State Senate Advances CCSG-Backed Amnesty Plan
In the weeks following the death of Joe Dado in September 2009, Penn State emerged from the shock to begin enacting policies and programs across many of its administrative units — from the creation of the Student Alcohol Advisory Committee to processing some alcohol-related charges obtained off-campus through University Park Judicial Affairs, drinking was seen as an embarrassing blemish on the university’s reputation.
Earlier this spring, medical amnesty, one of the policy suggestions backed early on by the Council of Commonwealth Student Governments and by the UPUA as well made a significant step in the state legislature.
The CCSG voted on a resolution submitted by the Student Affairs Director, Josh Crawford, on September 23, 2009 (just 2 days after Dado’s death) that asked for Penn State to provide medical amnesty for underage students who obtain help for someone suffering from a life-threatening, alcohol-related illness through emergency services and for the ill students themselves.
It looks like the state might act before the university though.
Senate Bill 448 passed unanimously a week ago. Called the Good Samaritan policy in the legislature’s verbiage, the bill provides legal amnesty to underage individuals who call emergency authorities to help a friend or acquaintance with a life-threatening, alcohol-related illness. The bill has been sent to the House Judiciary Committee, where it will likely be passed again without dissent.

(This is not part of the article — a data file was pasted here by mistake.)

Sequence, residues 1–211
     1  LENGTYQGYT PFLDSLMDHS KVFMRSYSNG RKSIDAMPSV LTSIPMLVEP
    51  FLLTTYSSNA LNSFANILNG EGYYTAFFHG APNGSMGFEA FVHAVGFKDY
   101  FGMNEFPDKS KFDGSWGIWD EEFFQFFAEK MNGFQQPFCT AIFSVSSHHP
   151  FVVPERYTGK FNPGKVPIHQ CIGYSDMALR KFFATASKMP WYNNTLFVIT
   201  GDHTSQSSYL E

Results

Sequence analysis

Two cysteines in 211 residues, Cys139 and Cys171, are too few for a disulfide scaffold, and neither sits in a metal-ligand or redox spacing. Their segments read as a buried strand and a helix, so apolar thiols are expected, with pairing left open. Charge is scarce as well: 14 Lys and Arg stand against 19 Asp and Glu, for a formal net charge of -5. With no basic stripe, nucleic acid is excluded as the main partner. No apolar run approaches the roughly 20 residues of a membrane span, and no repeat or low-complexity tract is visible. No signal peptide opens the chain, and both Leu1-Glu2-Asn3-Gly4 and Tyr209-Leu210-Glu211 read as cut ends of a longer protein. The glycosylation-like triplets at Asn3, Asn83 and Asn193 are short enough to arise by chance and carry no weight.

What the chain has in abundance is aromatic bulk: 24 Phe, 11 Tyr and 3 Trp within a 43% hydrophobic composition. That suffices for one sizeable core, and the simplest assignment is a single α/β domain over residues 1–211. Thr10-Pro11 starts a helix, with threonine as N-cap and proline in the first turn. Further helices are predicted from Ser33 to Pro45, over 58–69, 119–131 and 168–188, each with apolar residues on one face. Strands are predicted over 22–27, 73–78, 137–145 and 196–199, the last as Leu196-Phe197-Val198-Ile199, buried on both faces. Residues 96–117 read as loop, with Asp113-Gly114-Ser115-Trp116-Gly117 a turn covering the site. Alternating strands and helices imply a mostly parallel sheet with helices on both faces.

CCSG President Pete Khoury believes the legislature’s action is in the public’s interest and that it will promote more responsible alcohol consumption at Penn State.
“Dangerous drinking is a public health concern,” he said. “We can curb it, but can’t stop it.”
We’ll be tracking the bill as it proceeds through the House process. Check back here and @OnwardState for updates when you have a break at your internship — at least, when you’re not catching up on DC summer intern stories.
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Garcia is the first known Penn State student to die after contracting the virus.
The former Penn State guard reported Chambers said he wanted to “loosen the noose that’s around [his] neck.”
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